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Frank Alvan Williams (1851-1945)

Associate Justice, Texas Supreme Court, 1899-1911

Frank Alvan Williams was born October 6, 1851 to prosperous Mississippi pioneer parents. He was the youngest of four sons; the family also included five daughters. He grew up on the family farm, Smallwood Place, near Macon in Noxubee County, Mississippi, where slaves provided the labor. Williams received his early education at home, and his earliest ambition was to become a lawyer. His father died when he was eleven years old, leaving his mother to manage the farm and her large family during the Civil War. She died when Williams was sixteen.

In 1871, at the age of twenty, Williams left Mississippi and moved to Crockett, Texas, where his sister lived. The difficult journey was made in the midst of a wet winter in a stagecoach pulled by a team of four small mules. It took him through black prairies, river and creek bottoms, deep mud, steep hills of clay, and roads washed into deep ruts and gullies, and was punctuated by the vehicle overturning several times. When he arrived in Crockett, Williams studied law in the office of his sister's husband, D. A. Nunn, and after being admitted to the bar in 1872, the two practiced together for the next twelve years. Williams married in 1880, and he and his wife had five children.

Williams' lengthy judicial career began in 1884 when Gov. Ireland appointed him judge of the Third Judicial District. He served in the position until 1892, when Gov. Hogg appointed him judge of the newly-created Court of Civil Appeals for the First Judicial District at Galveston. He served in the position until 1899 when he resigned to accept an appointment by Gov. Sayers as an associate justice of the Texas Supreme Court, filling the vacancy left when Leroy Denman resigned. He was elected to the position in 1900 and served until 1911, when he resigned to return to private practice.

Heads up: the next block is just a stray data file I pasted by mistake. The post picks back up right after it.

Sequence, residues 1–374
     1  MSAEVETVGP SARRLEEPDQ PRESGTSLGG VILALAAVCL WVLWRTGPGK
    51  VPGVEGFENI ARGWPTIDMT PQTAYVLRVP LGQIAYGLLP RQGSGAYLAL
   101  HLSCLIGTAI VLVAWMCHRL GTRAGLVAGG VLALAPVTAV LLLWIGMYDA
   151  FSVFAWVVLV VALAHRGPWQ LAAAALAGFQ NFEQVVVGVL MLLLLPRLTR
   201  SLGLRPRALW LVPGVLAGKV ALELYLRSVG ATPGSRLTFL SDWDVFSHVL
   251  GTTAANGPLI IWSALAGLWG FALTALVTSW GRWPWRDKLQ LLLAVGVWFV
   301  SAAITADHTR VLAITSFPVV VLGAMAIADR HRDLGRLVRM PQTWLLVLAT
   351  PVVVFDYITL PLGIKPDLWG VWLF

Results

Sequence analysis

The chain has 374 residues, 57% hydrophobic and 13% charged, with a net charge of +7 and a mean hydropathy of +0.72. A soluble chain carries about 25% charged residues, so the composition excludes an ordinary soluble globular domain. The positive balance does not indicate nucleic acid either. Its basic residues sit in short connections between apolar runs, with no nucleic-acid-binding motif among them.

Following his judicial service, Williams practiced law in Austin for two years before returning to Galveston. During the next thirty-three years he went on to argue many cases before the Texas Supreme Court. He died January 30, 1945 at the age of ninety-four at his home in Galveston.

Notable opinions

Hanrick v. Gurley, 93 Texas reports 458 (1900)

Coverdill v. Seymour, 94 Texas reports 1 (1900)

Blackwell v. Coleman County, 94 Texas reports 216 (1900)

His opinion in Texas Central Railway Company v. Bowman, 97 Texas reports 417 (1904), holds valid a statute giving railroads rights-of-way over public lands, including lands set apart for the State School Fund.


In Memoriam, 149 Texas reports 659 (1951).

Davenport, J. H. (Jewette Harbert). The history of the Supreme Court of the state of Texas: with biographies of the chief and associate justices. Austin, Tex. , c1917. The Making of Modern Law (Gale. 2006. Thomson Gale: August 18, 2006).

8 Texas Bar Journal 322.

Williams, Fred L., Jr. A Texas Portrait: Frank A. Williams, 27 Texas Bar Journal 241.

Extended bibliography

Aldrich, Armistead Albert. The History of Houston County, Texas 168 (San Antonio, Texas: The Naylor Co., 1943).

Who's Who in Texas 252. Emory E. Bailey, ed. (Dallas, Texas: Who's Who Publishing Co., 1931).

Boswell, Harry James. American Blue Book, Texas Attorneys 87 (Minneapolis, Minnesota: H. James Boswell and Son, 1926).

Davenport, Jewette Harbert. The History of the Supreme Court of the State of Texas 238 (Austin, Texas: Southern Law Book Publishers, 1917).

Griffin, Samuel Chester. History of Galveston, Texas 381 (Galveston, Texas: A. H. Cawston, 1931).

1 Year Book for Texas 420. Cadwell Walton Raines, compiler (Austin, Texas: Gammel Book Co., 1902-1903).

Richardson, Thomas Clarence. 2 East Texas, Its History and Its Makers 585 (New York, New York: Lewis Historical Publishing Co., 1940).

Speer, Ocie. Texas Jurists 100, 212 (Austin, Texas: the author, 1936).

Additional information available in Southwestern Historical Quarterly as follow:
Volume 48, page 565
Volume 60, page 10, 18

Additional information available in Texas Bar Journal as follow:
Volume 8, page 322
Volume 27, page 241

In Memoriam, 149 Texas reports 659 (1951).